NASA next week will brief the aerospace industry on its plans to develop a new super-sized rocket for missions beyond Earth orbit, and a new business opportunity listing sheds light on the agency's acquisition strategy.
Five-segment solid rocket boosters for initial test flights will be developed under an existing ATK contract being carried over from the cancelled Project Constellation moon program. NASA will solicit "risk reduction" ideas from industry later this year for advanced boosters -- either solid- or liquid-fueled. A contract competition will be held before advanced booster development begins in the 2013-2014 timeframe.
Boeing's existing contracts for Constellation upper stage and avionics work will be used to develop an integrated core stage, upper stage and the instrument unit of the Space Launch System through initial operating capability in 2021.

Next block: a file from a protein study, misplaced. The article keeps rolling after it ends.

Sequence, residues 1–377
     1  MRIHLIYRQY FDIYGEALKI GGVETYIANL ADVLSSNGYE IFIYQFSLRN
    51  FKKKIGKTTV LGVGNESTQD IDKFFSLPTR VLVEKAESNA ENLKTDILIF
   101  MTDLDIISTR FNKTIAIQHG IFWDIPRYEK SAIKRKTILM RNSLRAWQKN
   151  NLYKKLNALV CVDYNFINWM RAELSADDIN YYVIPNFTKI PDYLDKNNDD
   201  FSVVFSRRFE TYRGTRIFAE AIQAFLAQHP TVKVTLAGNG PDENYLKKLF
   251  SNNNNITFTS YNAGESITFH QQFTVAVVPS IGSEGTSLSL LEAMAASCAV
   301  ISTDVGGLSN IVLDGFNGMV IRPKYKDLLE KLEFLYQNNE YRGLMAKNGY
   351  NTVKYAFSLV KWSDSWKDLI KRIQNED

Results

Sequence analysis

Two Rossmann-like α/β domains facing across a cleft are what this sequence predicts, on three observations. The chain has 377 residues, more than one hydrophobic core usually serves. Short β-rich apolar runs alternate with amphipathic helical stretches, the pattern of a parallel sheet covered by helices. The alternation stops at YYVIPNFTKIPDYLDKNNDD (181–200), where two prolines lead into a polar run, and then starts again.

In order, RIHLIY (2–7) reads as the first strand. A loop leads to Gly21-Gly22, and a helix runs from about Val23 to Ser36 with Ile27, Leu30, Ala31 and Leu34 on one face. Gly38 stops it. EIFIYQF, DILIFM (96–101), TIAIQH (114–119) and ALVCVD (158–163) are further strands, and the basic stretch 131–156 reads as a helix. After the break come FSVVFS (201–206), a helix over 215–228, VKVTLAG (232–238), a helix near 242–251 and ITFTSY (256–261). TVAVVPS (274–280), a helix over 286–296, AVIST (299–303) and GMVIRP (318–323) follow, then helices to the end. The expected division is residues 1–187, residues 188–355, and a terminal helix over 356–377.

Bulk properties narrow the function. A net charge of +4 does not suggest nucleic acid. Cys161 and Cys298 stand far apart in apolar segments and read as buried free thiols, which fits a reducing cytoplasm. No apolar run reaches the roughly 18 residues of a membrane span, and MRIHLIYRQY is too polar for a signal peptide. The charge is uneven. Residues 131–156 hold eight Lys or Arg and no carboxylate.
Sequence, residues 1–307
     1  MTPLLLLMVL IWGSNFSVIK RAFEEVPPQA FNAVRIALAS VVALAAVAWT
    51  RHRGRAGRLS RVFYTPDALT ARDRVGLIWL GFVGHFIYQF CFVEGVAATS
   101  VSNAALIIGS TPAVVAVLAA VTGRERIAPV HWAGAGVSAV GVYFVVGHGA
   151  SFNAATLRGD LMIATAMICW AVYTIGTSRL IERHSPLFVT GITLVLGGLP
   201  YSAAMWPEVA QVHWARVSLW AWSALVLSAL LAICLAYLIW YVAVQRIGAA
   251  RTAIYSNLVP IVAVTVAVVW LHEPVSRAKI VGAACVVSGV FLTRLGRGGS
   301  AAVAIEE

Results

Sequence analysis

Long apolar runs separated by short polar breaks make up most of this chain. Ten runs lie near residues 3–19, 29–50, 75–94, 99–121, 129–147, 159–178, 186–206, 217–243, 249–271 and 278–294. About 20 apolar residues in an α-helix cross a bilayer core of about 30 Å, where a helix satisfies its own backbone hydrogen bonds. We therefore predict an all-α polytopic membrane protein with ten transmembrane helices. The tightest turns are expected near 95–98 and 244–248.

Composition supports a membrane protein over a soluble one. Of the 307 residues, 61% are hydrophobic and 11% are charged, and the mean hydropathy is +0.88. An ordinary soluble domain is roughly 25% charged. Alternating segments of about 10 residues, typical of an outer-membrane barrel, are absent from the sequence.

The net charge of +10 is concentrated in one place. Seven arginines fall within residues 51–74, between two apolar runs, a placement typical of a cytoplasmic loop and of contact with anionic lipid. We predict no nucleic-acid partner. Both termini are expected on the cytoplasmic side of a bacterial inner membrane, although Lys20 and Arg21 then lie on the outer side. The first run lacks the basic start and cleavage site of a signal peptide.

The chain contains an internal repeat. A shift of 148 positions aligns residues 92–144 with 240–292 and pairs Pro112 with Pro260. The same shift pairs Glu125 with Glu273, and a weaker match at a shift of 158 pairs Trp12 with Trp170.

Pratt & Whitney Rocketdyne will continue work on NASA's existing fleet of shuttle main engines as well as the J2-X that will power the upper stage of the new heavy-lift launch vehicle.
NASA will develop in-house the designs for the rocket's payload fairing as well as spacecraft and payload adapters. A manufacturing contract will be competed in the 2013 timeframe. Industry and academia will have opportunities to work on advanced systems development starting next year. NASA will lead systems engineering and integration efforts through a critical design review in 2014.
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The Industry Day briefing will be held next Thursday at the Davidson Center for Space Exploration at the U.S. Space & Rocket Center in Huntsville, Ala.